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Juneteenth 2021 by the numbers



Here’s a look at Juneteenth, also called Emancipation Day, Freedom Day and Jubilee Day, by the numbers:

46,713,850 – Black or African American people (one race alone or in combination) in the United States in 2019, according to the most recent Census Bureau estimate.

500,000 – Estimated number of free African American people in the United States in 1860. According to Encyclopedia Britannica, about half were in the North and half were in the South.

901 – Days from the issuance of the Emancipation Proclamation on January 1, 1863, and General Orders, No. 3, notifying enslaved people of their emancipation on June 19, 1865.
158 – Years since January 1, 1863, the date President Abraham Lincoln issued the final Emancipation Proclamation, freeing those enslaved.
156 – Years since Maj. Gen. Gordon Granger (Union Army) first read the proclamation, General Orders, No. 3, in Galveston, Texas, notifying enslaved people of their emancipation, on June 19, 1865..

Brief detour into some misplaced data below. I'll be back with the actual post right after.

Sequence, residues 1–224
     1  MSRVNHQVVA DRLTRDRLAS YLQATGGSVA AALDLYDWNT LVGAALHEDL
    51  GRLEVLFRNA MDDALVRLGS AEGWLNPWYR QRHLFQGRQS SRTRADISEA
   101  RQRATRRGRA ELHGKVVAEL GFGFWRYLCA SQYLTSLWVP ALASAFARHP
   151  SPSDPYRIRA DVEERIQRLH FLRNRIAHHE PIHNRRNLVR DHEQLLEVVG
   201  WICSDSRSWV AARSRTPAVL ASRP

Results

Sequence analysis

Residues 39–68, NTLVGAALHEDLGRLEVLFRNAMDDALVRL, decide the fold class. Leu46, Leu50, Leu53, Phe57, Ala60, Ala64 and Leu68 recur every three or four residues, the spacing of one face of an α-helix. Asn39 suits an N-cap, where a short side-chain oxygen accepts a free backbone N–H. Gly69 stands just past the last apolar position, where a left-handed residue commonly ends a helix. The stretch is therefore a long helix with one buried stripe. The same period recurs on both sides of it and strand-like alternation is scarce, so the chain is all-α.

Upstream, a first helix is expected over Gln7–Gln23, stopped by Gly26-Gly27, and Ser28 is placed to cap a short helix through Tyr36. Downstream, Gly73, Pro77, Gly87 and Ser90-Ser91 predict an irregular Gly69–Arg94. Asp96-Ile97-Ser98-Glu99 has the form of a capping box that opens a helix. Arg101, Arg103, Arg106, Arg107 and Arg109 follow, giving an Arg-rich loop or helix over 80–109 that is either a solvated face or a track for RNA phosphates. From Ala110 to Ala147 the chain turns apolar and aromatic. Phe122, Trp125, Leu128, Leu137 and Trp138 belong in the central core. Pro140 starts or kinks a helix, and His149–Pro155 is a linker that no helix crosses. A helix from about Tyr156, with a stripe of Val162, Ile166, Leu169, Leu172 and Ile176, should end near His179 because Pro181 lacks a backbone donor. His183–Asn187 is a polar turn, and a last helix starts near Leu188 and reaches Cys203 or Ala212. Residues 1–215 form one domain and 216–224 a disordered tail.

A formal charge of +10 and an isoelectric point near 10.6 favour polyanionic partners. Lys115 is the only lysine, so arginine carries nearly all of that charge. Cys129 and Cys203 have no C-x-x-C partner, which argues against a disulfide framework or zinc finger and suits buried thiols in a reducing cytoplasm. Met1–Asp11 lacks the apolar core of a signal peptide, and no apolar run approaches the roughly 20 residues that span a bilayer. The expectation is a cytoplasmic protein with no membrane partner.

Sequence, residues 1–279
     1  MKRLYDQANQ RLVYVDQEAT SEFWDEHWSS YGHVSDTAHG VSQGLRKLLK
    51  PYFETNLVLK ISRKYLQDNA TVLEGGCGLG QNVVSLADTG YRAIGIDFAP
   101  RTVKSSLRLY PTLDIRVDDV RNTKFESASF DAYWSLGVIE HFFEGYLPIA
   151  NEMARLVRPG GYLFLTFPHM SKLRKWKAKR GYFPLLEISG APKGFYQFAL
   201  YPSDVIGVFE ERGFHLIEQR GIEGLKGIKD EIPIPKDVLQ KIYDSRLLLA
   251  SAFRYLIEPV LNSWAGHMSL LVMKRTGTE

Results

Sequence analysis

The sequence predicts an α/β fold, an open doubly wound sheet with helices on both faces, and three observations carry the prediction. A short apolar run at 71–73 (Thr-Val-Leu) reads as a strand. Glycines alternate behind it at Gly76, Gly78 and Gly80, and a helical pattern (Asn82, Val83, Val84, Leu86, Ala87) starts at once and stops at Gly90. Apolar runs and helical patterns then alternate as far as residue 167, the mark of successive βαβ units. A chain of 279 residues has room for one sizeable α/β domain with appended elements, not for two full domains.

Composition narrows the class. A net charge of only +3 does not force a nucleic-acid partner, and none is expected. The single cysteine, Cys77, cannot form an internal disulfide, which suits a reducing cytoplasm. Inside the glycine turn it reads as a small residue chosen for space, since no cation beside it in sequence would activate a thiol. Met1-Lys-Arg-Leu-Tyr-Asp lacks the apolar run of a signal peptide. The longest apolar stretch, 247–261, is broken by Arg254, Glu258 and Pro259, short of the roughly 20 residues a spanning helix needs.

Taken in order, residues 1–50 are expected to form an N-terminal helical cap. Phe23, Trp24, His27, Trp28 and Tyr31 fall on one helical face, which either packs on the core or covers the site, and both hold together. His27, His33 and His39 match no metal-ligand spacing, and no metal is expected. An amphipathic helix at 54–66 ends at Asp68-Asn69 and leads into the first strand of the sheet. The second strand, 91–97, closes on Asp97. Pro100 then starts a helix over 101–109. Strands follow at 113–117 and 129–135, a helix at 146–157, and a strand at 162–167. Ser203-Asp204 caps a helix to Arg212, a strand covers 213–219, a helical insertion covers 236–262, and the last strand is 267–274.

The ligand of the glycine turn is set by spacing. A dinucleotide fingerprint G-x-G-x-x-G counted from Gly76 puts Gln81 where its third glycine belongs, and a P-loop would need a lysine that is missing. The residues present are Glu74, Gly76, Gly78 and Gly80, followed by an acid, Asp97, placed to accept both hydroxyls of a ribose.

149 – Age of the oldest Juneteenth celebration in the world, first held in 1872 in Emancipation Park in Houston.

“Every year we must remind successive generations that this event triggered a series of events that one by one defines the challenges and responsibilities of successive generations. That’s why we need this holiday.” — Al Edwards (D-Texas), sponsor of the bill.

47 – States with laws or resolutions commemorating Juneteenth. The District of Columbia also commemorates Juneteenth.

41 – Years since January 1, 1980, when Juneteenth became a state holiday in Texas. It had been celebrated informally there since 1865.

30.2 – Percentage of the population of Texas comprising enslaved people, or “bondsmen,” in 1860.

15 – States where it was legal to enslave people before the Civil War: Alabama, Arkansas, Delaware, Florida, Georgia, Kentucky, Louisiana, Maryland, Mississippi, Missouri, North Carolina, South Carolina, Tennessee, Texas and Virginia.

8 – Consecutive years during which Barack Obama, throughout his presidency, issued a statement to mark Juneteenth: 2009-2016.



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